'Mutiny' soldiers face firing squad
Twelve soldiers fighting an Islamic insurgency in Nigeria have been sentenced to death by firing squad for mutiny and attempted murder of their commanding officer.
Brigadier General Chukwuemeka Okonkwo said the military tribunal found 12 soldiers guilty and five others innocent. One was sentenced to 28 days in jail with hard labour.
All had denied the charges.
The revolt occurred after a convoy of soldiers was ordered to drive at night on a road frequently attacked by Boko Haram Islamic extremists. The soldiers initially refused, saying it was a suicide mission. But they eventually followed orders and were ambushed on May 13 by insurgents on the road from the northeast town of Chibok. An unknown number were killed.
Chibok is the town from which more than 270 schoolgirls were kidnapped a month earlier. More than 50 escaped and the rest remain captive.
The failure to rescue the girls is a sign of the inability of Nigeria's military and government to contain a five-year-old Islamic uprising that has killed thousands, with soldiers accused of gross human rights abuses in the process.
When the bodies of the ambushed soldiers were brought to the barracks in the city of Maiduguri on May 14, the soldiers revolted, throwing stones at their commanding officer, firing into the air and then shooting at him. Several bullets hit the armour-plated vehicle in which he sought refuge. The officer, Major General A. Mohammed, was unharmed.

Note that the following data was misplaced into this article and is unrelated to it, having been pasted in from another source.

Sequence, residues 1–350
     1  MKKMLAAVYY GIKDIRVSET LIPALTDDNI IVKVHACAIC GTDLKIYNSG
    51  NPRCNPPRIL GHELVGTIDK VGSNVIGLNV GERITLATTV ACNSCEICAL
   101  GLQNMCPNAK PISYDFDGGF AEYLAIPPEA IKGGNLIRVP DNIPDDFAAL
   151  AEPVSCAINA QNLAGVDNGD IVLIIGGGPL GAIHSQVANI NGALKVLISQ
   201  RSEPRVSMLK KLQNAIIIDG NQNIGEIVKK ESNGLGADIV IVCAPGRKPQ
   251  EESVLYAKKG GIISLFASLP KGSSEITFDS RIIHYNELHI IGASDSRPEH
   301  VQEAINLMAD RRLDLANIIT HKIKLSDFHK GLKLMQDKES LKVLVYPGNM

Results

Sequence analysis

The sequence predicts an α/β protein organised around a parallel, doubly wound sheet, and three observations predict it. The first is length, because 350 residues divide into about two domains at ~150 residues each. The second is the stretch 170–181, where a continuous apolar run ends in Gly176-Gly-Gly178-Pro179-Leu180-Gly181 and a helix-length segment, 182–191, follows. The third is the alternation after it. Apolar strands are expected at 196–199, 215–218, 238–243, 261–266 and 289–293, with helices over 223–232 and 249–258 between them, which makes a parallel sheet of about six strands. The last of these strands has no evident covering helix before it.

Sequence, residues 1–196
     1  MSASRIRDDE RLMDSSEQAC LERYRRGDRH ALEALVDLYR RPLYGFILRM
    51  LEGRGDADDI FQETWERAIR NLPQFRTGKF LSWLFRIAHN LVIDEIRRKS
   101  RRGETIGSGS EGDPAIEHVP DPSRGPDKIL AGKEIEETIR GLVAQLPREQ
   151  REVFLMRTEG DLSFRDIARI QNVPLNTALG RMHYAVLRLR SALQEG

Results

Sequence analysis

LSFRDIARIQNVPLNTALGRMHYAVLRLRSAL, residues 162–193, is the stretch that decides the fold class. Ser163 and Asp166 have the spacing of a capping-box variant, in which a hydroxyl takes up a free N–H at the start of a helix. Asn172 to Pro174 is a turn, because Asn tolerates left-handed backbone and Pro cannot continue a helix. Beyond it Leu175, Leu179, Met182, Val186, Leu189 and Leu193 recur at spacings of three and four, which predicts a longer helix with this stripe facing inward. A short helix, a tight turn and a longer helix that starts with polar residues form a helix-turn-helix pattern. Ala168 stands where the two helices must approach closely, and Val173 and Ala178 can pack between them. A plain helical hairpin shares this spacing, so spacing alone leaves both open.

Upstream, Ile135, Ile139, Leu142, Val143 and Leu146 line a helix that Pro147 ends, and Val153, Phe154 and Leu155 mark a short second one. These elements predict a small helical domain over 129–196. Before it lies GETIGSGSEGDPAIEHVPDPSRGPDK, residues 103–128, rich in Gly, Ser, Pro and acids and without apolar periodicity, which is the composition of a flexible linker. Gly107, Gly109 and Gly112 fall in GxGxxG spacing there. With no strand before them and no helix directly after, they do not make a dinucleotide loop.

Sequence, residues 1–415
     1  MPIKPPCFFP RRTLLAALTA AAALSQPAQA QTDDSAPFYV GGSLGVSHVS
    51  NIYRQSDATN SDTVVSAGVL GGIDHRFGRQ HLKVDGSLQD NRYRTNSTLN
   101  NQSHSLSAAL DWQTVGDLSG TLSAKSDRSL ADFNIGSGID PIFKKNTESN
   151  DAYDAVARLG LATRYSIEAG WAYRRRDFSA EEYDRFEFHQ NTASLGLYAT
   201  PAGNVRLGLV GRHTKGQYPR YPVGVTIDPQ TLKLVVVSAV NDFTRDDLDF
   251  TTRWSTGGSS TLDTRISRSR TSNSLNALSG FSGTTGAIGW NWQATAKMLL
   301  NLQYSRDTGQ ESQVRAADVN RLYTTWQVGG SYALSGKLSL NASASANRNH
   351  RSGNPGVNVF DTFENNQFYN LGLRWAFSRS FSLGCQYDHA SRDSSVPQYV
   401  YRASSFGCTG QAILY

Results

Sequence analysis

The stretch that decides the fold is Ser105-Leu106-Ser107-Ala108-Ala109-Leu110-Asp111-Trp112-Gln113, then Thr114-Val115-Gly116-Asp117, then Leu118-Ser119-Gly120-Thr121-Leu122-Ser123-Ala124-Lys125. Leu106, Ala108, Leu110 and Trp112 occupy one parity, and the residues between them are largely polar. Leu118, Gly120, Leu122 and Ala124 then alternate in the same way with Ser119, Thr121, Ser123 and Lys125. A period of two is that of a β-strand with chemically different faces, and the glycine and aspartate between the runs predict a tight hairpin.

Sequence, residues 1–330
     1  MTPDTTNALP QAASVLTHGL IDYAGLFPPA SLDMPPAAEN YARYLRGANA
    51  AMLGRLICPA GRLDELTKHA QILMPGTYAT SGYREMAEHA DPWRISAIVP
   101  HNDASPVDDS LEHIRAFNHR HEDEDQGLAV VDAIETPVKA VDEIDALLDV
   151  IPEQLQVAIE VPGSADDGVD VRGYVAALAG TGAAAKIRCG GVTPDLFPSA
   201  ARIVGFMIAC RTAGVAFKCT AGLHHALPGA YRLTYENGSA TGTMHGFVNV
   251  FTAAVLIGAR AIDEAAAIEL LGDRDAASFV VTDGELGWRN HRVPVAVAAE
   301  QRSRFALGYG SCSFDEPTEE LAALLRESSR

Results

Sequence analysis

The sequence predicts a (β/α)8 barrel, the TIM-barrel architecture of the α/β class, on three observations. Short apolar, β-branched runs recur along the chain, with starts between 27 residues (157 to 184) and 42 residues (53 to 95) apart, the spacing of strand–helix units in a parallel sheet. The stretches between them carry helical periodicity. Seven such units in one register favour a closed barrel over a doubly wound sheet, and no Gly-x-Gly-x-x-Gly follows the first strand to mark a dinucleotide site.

The judgment describes an embarrassing scene where the second in command, Lt Col E. Azanda "has to dash for his dear life but discovered from where he was taking cover that soldiers eventually directed their shots" at Mohammed. It adds that Mohammed in his testimony said, "Thank God for the staff officer who rushed him into his car and the fact that the staff car is an armour-plated vehicle."
The judgment issued by the nine-member court martial panel said the soldiers accused their officers of cowardice and threatened to shoot them.
The court martial panel said it "considered the gravity of the offence alleged, particularly the attempt to kill the general officer commanding 7 Division, Nigerian Army, and it's likely effect on the counter-insurgency operations in the northeast as well as its implications on national security."
Before sentencing, the soldiers' private lawyers pleaded for leniency saying some of the defendants support aged parents, others are the sole bread winners in their family, and some of them had served in the army for 10 years, including in foreign peacekeeping missions
The judgment did not say what the soldiers said in their defence during the trial.
Boko Haram has made huge gains in recent weeks, seizing a string of towns along the border with Cameroon where they have declared an Islamic caliphate under Shariah law.